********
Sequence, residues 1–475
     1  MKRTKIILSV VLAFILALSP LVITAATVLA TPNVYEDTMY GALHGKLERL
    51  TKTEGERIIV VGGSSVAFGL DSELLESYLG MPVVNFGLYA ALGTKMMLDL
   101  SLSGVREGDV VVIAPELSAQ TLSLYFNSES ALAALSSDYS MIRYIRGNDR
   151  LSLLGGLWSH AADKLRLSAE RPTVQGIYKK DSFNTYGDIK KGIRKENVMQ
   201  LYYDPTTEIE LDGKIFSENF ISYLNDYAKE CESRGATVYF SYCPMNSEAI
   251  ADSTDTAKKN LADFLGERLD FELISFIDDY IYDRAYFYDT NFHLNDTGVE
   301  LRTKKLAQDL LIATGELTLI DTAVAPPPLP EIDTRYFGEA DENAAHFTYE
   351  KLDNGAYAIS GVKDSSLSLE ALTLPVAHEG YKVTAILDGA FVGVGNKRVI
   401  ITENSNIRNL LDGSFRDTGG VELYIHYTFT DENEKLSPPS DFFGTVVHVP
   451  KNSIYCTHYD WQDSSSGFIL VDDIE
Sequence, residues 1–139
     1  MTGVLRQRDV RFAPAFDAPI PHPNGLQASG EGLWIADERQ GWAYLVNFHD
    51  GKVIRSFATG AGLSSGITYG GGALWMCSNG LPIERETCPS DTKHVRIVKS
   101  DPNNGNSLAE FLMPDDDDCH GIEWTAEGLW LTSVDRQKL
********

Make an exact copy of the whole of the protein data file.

Sequence, residues 1–475
     1  MKRTKIILSV VLAFILALSP LVITAATVLA TPNVYEDTMY GALHGKLERL
    51  TKTEGERIIV VGGSSVAFGL DSELLESYLG MPVVNFGLYA ALGTKMMLDL
   101  SLSGVREGDV VVIAPELSAQ TLSLYFNSES ALAALSSDYS MIRYIRGNDR
   151  LSLLGGLWSH AADKLRLSAE RPTVQGIYKK DSFNTYGDIK KGIRKENVMQ
   201  LYYDPTTEIE LDGKIFSENF ISYLNDYAKE CESRGATVYF SYCPMNSEAI
   251  ADSTDTAKKN LADFLGERLD FELISFIDDY IYDRAYFYDT NFHLNDTGVE
   301  LRTKKLAQDL LIATGELTLI DTAVAPPPLP EIDTRYFGEA DENAAHFTYE
   351  KLDNGAYAIS GVKDSSLSLE ALTLPVAHEG YKVTAILDGA FVGVGNKRVI
   401  ITENSNIRNL LDGSFRDTGG VELYIHYTFT DENEKLSPPS DFFGTVVHVP
   451  KNSIYCTHYD WQDSSSGFIL VDDIE
Sequence, residues 1–139
     1  MTGVLRQRDV RFAPAFDAPI PHPNGLQASG EGLWIADERQ GWAYLVNFHD
    51  GKVIRSFATG AGLSSGITYG GGALWMCSNG LPIERETCPS DTKHVRIVKS
   101  DPNNGNSLAE FLMPDDDDCH GIEWTAEGLW LTSVDRQKL